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Laboratory Training for Field Epidemiologists Transport, biosafety and disinfection May 2007 Sample collection and shipping.

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Presentation on theme: "Laboratory Training for Field Epidemiologists Transport, biosafety and disinfection May 2007 Sample collection and shipping."— Presentation transcript:

1 Laboratory Training for Field Epidemiologists Transport, biosafety and disinfection May 2007 Sample collection and shipping

2 Laboratory Training for Field Epidemiologists Learning objectives At the end of the presentation, participants should understand: Principles of biosafety How to transport dangerous pathogens Biosafety levels in a laboratory General disinfection principles

3 Laboratory Training for Field Epidemiologists Laboratory Biosafety Laboratory Biosafety WHO describes this is as: containment principles technologies practices implemented to prevent unintentional exposure to pathogens and toxins, or their accidental release

4 Laboratory Training for Field Epidemiologists Principles of biosafety To protect: the patient yourself the environment

5 Laboratory Training for Field Epidemiologists UNCETDG ICAO IATA TRANSPORT OF INFECTIOUS SUBSTANCES Scientific background to the 13th revised edition of the UN Model Regulations regarding the requirements for transporting infectious substances 2003 Air transport of infectious substances International Air Transportation Association (IATA) Infectious Substances Shipping Guidelines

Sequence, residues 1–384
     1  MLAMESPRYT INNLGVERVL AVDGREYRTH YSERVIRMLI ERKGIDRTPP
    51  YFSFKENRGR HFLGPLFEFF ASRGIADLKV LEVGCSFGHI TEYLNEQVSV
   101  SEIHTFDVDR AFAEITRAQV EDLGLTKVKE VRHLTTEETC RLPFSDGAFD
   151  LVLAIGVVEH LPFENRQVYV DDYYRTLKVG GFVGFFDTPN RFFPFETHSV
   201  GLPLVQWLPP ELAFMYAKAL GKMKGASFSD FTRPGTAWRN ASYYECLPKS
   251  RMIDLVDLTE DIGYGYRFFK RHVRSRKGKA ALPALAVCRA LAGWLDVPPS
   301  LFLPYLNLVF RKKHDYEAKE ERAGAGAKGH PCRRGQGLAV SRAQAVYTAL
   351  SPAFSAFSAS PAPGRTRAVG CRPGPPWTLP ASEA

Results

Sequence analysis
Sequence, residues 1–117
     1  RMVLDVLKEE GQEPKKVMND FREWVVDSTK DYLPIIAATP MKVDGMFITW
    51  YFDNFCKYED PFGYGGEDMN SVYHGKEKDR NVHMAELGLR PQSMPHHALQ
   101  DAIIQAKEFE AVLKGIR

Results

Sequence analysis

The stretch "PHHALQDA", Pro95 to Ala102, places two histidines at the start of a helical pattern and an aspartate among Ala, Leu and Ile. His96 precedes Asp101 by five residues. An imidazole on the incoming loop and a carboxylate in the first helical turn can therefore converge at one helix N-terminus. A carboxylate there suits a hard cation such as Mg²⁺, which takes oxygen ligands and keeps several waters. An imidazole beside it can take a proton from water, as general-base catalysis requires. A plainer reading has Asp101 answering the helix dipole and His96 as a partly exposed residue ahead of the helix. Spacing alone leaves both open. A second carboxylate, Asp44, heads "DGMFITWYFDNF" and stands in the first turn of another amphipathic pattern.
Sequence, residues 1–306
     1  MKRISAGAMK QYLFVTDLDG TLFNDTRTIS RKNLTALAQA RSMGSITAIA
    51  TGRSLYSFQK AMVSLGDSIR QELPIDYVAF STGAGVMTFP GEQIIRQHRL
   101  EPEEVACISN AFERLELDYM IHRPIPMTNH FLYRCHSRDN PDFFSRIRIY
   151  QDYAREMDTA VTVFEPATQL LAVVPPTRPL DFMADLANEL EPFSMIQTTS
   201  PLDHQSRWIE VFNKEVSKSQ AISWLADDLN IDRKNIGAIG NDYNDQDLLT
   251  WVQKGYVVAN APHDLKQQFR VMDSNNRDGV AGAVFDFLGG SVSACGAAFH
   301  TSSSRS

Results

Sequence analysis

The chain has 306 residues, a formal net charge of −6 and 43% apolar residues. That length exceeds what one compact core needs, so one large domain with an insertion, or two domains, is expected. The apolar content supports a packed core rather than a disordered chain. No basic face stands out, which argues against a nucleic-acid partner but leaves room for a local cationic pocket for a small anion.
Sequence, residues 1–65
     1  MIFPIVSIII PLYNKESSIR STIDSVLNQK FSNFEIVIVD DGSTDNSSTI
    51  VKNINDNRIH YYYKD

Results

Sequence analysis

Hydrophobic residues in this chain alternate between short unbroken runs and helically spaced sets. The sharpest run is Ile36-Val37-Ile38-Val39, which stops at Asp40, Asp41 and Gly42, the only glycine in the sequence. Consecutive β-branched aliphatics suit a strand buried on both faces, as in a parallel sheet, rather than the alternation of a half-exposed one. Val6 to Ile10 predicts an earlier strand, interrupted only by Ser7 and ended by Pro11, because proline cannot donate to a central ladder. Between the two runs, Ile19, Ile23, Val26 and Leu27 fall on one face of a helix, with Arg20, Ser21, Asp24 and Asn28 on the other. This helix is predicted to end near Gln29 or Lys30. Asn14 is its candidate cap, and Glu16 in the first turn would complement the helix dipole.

6 Laboratory Training for Field Epidemiologists Transport of infectious substances is subject to strict national and international regulations: proper use of packaging materials proper labelling, notification Compliance: reduces likelihood of damaging packages minimizes exposure improves carriers efficiency and confidence in package delivery Transport regulations (1) Transport regulations (1)

7 Laboratory Training for Field Epidemiologists Transport regulations (2) Subject to regular amendments shippers refer to latest issuances of national and international regulations for regulations International regulations not intended to supersede local or national requirements where national requirements do not exist, international regulations should be followed

8 Laboratory Training for Field Epidemiologists How to select a laboratory Depends on specimen and analyses required assess labs capacity before sending Some analyses (e.g. Ebola) performed in few places identify recipient before sending Depends on transportation options, timing Depends on what capacity available national reference laboratory, hospital laboratory WHO Collaborating Centre laboratory, polio network laboratory Pasteur Institute network laboratory, CDC/Namru/others

9 Laboratory Training for Field Epidemiologists What to include on a request form Specimen collection date, time Epidemiological or demographic identification to link laboratory and epidemiological data patients name (or identifier/outbreak code), age, sex Suspected clinical diagnosis, main clinical signs Context suspected outbreak, confirmed outbreak, verified outbreak, end of outbreak or routine surveillance Sender name(s) and contact information